Series Review: Agents of the Crown by Julia Quinn

Series Review: Agents of the Crown by Julia QuinnTo Catch an Heiress by Julia Quinn
Series: Agents of the Crown #1
Published by Avon on October 13, 2009
Genres: Historical, Romance
Pages: 384
Format: eBook
Source: Library
AmazonThe Book Depository
Goodreads
three-half-stars

When Caroline Trent is kidnapped by Blake Ravenscroft, she doesn't even try to elude this dangerously handsome agent of the crown. After all, she's been running from unwanted marriage proposals. Yes, Blake believes she's a notorious spy named Carlotta De Leon, but for six weeks until her twenty-first birthday, when she'll gain control of her fortune, hiding out in the titillating company of a mysterious captor is awfully convenient -- and maybe just a little romantic, too.

Blake Ravenscroft's mission is to bring "Carlotta" to justice, not to fall in love. His heart has been hardened by years of intrigue, but this little temptress proves oddly disarming and thoroughly kissable. And suddenly the unthinkable becomes possible -- that this mismatched Couple might be destined for love.

My Julia Quinn binge continues to be one of the best things about 2017. Agents of the Crown isn’t her best series by any means, but I still read both books quickly and enjoyed the whole experience. Her books just make me happy, even when they half-heartedly attempt to be badass thrillers like these two do.

To Catch an Heiress starts out poorly. At the outset, Caroline Trent has just shot her guardian’s son, said guardian having encouraged his son to rape Caroline so that they will be forced to wed. It’s a really fucked up thing, and it’s going to get thrown aside, except for lols from that point on. In fact, there’s a whole lot of trauma in Caroline’s past, but very little of it is focused on in a sad way; Blake’s fiancee’s death is played for much more sympathy. That kept To Catch an Heiress from being a favorite, despite how much I love the ship.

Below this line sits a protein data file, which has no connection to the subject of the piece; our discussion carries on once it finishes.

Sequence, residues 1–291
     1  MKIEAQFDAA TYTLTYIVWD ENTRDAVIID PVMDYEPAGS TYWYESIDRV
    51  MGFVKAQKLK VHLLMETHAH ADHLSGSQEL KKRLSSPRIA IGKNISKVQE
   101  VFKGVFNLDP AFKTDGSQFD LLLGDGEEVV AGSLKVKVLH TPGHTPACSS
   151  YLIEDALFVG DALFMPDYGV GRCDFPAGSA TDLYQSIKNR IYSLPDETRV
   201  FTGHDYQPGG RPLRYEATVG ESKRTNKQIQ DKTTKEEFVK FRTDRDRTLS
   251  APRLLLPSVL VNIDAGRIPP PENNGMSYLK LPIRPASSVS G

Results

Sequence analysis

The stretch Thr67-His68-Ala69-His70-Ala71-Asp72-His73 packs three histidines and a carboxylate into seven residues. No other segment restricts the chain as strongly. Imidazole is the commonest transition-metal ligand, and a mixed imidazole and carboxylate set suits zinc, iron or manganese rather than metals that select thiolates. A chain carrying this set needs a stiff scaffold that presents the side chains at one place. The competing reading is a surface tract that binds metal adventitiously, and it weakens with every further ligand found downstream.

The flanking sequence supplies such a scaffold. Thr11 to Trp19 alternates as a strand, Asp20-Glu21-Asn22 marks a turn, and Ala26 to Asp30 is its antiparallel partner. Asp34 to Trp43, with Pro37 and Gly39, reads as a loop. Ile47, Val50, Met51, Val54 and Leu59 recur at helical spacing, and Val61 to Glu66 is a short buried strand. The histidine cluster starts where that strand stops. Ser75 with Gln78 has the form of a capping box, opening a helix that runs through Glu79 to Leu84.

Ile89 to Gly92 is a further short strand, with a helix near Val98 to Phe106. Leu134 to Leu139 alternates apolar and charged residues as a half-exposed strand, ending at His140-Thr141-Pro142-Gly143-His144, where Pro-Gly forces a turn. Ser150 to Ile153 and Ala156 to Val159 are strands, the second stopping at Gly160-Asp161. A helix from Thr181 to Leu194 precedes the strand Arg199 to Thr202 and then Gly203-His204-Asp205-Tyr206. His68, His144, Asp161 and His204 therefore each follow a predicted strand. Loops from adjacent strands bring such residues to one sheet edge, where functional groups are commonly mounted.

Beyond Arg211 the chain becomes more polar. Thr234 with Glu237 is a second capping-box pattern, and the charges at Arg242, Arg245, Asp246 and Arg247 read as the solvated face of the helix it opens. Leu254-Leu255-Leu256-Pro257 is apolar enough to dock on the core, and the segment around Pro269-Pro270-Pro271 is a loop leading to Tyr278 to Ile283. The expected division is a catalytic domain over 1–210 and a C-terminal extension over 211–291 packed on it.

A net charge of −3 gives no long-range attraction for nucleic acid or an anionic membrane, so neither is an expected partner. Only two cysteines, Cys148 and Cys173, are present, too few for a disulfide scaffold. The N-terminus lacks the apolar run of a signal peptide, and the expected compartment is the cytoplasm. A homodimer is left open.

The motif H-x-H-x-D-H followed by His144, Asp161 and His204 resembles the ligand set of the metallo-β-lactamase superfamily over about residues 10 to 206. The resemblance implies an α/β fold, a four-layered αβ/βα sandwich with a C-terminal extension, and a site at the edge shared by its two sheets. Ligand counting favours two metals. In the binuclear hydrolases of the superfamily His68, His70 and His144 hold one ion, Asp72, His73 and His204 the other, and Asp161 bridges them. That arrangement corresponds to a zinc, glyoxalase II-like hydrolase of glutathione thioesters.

But I DO love the ship. Well, once you get past the uncomfortable start. Blake takes Caroline into custody thinking she’s a Spanish spy. She fights back but then realizes she can just hang out courtesy of the crown until she comes into her inheritance in a matter of weeks. Caroline’s clever in her attempts to frustrate Blake’s inquiries, which is cute. What’s less cute is the way that Blake thinks sexy thoughts about her at this point, and this is one case where I really didn’t want early kissing.

On the plus side, the whole spy thing gets cleared up pretty soon. Once Caroline’s identity and Blake’s profession come out, the book ascends to a really awesome level (as long as you can ignore the terrible opening, which I could but totes legit if you can’t). Blake and Caroline have this amazing snarky banter thing going. She frustrates him endlessly basically but he also can’t help being charmed by her, which no duh I ship that.

Caroline’s a darling who always wants to HELP with everything. Because she doesn’t want to be packed off since she’s not the spy, she replants Blake’s garden and organizes Blake’s library. She’s open and loving and optimistic, because she wants to make the best of any good thing that comes her way. The hijinks end up being incredibly hilarious, like how Blake’s servants actively work against him when he makes Caroline unhappy and when she ends up having to live in his bathroom because humorous reasons.